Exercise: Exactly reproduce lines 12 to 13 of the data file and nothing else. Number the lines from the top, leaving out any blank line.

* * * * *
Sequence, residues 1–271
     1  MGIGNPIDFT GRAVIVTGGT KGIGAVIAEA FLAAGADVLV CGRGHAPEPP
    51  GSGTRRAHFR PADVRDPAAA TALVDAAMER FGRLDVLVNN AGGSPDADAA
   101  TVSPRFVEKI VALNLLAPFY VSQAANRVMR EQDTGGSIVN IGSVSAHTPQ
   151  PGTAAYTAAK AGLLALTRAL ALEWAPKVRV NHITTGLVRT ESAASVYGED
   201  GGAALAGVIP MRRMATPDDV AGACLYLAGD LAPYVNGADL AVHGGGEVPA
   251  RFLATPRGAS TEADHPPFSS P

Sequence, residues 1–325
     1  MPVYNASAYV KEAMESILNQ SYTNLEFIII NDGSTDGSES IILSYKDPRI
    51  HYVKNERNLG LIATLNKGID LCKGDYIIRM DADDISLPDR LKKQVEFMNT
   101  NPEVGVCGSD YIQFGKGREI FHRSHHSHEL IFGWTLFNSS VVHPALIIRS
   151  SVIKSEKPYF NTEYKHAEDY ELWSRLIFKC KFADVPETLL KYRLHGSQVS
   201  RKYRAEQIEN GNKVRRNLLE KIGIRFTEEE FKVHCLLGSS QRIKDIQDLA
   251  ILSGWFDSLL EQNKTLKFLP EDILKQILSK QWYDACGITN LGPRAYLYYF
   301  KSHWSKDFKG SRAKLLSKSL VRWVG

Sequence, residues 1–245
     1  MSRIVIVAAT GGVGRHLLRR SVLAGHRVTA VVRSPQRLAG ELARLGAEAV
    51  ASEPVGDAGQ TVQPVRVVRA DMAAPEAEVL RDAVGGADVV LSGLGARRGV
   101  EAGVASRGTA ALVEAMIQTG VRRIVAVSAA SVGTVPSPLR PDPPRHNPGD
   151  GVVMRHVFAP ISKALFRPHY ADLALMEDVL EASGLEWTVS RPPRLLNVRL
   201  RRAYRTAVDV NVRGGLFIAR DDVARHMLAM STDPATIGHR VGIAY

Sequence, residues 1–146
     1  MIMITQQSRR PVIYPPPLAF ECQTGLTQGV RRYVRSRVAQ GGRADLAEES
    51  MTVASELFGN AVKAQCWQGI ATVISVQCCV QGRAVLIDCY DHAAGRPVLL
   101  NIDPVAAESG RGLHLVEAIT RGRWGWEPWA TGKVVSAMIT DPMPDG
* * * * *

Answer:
   151  SVIKSEKPYF NTEYKHAEDY ELWSRLIFKC KFADVPETLL KYRLHGSQVS
   201  RKYRAEQIEN GNKVRRNLLE KIGIRFTEEE FKVHCLLGSS QRIKDIQDLA